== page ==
Until next time, what was your biggest snafu on a “getting away” trip and how are you going to do that differently?
Vacations, oh how I love them. Now I love them anyway. I used to load so much into a vacation that I would come back more exhausted than when I left. I wouldn’t always take care of things before leaving home so I ended up doing more clean-up and triaging my life and didn’t ever feel like I had any sort of vacation at all. At the worst, I felt like I would have rested and enjoyed more if I just went to work and did my usual daily and weekend routine. I knew it had to change because I love traveling (one of my bold Sagittarian traits). But I didn’t want to keep coming home more miserable than when I left. The whole point of a vacation was to reboot and relax right?
One thing my mom was and is still big on was cleaning the house before she left for a trip. Her key phrase “Nobody likes coming home to a dirty house” stuck with me. So I started there. Whenever I would go away from the house - be it a weekend, or a longer vacation, I started tidying things up a bit. Garbage was out, laundry was as done as it could be (because I know we all have that towel or random shirt that just didn’t make it into the load). The dishes were done and when I felt like being a superhero, I would even clean out my fridge to make sure I didn’t come home to any science experiments and that I had food to eat when I arrived back, especially after a really late flight home.
I really suggest this if you aren’t already working this in. It doesn’t have to be a full-on top to bottom house cleaning. Just something that leaves your space welcoming to come back to. Bonus, there's usually more room to set souvenirs and your suitcase full of dirty laundry. I also live with anxiety, so this process really helped calm me down before I left. I knew everything was taken care of and that there was less possibility of unwelcome surprises when I arrived back home. I’ve had the rare occasion of having to deep clean something at midnight on a Sunday before work, exhausted from a long flight and I like to minimize the probability of that happening. As I type I’m planning on clearing out the produce drawers tomorrow before my trip to Florida next week.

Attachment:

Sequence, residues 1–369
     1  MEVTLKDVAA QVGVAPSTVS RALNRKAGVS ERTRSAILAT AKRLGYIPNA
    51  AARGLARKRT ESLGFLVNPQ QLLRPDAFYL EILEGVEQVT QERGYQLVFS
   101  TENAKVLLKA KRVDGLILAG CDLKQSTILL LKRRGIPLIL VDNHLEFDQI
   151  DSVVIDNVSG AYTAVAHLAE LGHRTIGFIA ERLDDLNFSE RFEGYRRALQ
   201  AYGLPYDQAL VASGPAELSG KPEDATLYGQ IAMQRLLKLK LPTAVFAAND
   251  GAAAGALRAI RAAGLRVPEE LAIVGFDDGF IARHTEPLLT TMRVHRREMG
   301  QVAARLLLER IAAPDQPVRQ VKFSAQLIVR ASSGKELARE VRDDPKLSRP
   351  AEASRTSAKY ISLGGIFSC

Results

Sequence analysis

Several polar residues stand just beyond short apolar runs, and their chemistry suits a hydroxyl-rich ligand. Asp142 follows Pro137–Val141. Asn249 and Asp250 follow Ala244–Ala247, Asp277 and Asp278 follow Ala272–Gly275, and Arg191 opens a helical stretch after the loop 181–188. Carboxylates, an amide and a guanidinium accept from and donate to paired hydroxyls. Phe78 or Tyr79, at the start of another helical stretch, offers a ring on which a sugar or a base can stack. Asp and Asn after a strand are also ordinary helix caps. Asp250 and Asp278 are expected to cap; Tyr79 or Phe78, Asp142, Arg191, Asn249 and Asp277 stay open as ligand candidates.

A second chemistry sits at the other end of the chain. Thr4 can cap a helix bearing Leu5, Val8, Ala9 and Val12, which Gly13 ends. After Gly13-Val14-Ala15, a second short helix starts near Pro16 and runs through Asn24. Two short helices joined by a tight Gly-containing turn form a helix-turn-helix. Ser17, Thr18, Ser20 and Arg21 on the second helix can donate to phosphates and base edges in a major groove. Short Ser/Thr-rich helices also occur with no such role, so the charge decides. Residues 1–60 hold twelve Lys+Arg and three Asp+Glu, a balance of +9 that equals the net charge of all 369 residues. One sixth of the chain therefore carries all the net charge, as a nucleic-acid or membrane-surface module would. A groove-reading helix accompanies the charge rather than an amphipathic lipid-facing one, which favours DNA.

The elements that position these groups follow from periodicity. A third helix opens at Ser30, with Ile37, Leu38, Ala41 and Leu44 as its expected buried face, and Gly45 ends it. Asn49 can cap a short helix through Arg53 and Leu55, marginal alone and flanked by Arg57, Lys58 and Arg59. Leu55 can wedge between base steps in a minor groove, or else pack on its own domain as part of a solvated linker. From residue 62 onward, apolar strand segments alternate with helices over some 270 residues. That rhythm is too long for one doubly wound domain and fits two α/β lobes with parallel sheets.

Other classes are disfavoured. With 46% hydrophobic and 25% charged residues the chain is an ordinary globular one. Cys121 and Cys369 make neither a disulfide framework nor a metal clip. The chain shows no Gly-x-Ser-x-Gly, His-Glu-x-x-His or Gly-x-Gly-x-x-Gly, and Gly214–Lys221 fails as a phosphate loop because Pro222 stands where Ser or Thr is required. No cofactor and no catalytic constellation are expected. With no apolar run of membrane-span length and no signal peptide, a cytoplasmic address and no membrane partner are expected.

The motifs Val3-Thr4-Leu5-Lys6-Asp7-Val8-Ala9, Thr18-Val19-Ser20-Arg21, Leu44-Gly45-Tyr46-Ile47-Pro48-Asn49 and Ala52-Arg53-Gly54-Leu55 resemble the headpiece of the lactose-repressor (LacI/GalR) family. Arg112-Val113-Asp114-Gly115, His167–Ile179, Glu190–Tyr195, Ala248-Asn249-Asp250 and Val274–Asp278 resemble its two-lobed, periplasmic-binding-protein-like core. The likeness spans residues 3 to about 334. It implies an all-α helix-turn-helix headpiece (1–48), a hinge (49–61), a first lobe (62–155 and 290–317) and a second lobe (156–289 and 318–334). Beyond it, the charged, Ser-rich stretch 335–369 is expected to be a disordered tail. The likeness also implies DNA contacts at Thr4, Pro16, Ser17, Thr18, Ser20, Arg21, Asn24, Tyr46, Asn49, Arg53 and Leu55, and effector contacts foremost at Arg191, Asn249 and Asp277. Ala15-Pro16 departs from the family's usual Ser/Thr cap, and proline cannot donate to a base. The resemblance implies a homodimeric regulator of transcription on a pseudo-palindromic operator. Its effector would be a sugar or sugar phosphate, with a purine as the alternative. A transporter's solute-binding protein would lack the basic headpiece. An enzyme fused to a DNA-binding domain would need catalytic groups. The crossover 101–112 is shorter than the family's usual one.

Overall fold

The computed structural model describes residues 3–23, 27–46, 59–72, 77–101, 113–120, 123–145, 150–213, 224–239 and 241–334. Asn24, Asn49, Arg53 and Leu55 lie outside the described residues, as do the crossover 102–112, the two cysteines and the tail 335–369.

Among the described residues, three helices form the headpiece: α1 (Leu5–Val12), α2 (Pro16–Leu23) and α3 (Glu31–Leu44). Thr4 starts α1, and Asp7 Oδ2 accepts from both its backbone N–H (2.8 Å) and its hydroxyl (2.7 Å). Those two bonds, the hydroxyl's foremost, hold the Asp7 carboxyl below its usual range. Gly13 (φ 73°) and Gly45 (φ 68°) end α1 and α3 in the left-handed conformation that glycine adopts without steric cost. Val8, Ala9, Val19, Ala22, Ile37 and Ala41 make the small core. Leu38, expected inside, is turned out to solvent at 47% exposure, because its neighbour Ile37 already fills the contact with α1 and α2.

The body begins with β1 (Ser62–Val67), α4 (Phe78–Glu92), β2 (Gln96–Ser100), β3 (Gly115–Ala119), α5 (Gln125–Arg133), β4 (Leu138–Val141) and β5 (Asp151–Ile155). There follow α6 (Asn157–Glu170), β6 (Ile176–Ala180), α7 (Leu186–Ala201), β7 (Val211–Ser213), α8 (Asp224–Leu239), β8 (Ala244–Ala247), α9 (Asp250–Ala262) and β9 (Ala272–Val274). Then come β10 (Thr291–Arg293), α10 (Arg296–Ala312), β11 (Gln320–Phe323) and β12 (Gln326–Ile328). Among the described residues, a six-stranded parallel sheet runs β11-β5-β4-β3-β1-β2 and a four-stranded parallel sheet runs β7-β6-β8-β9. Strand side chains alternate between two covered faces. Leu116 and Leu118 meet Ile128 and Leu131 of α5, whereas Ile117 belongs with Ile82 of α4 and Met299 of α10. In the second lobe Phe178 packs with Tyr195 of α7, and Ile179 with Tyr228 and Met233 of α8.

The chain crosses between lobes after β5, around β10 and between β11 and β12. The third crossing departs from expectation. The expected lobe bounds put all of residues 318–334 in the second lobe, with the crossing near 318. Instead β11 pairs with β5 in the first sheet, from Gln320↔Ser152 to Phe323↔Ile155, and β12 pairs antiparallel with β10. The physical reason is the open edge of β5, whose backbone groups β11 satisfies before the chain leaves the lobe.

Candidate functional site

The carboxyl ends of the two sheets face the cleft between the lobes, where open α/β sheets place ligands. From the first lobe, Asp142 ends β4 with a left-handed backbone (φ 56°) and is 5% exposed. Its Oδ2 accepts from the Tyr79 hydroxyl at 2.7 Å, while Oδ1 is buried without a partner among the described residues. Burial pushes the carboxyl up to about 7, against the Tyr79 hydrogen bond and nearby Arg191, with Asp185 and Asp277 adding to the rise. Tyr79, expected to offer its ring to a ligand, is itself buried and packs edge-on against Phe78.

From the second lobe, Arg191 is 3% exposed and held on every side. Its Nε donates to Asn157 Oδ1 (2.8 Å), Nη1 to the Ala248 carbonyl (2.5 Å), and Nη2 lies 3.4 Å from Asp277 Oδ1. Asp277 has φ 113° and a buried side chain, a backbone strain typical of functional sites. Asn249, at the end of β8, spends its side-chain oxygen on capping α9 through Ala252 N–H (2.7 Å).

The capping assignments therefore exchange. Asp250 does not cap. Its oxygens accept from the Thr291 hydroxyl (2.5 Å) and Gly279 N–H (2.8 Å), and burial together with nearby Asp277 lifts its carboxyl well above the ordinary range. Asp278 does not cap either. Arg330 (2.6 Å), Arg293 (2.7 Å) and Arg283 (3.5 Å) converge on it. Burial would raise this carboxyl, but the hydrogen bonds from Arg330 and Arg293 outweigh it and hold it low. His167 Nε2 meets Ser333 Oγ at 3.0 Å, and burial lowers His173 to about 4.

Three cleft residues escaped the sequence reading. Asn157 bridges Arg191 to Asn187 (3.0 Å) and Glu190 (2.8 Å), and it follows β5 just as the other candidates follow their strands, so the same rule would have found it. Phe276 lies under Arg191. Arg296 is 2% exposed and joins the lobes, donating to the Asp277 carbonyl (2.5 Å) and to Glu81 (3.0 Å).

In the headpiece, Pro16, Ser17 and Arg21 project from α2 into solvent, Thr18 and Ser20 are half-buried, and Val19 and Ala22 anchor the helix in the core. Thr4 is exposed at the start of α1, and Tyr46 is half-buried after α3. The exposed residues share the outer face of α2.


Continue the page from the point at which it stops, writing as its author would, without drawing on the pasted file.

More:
Intention to me isn’t just about the trip itself. It’s about the whole process of a vacation. The planning, the preparation and also allowing yourself the time to really enjoy the memories of the vacation once you return. As much as I love traveling, coming back to my home is just as special. It was a lot more lovely and relaxing once I stopped using vacations as a reason to just get out of the house and treating my home, whether it was my small apartment or my new house, as a place just as special and magical as the Disney parks I love so dearly.
Until next time, how do you create a space to welcome you back after being away?
Jenn; Writer, Disney Enthusiast and Artist.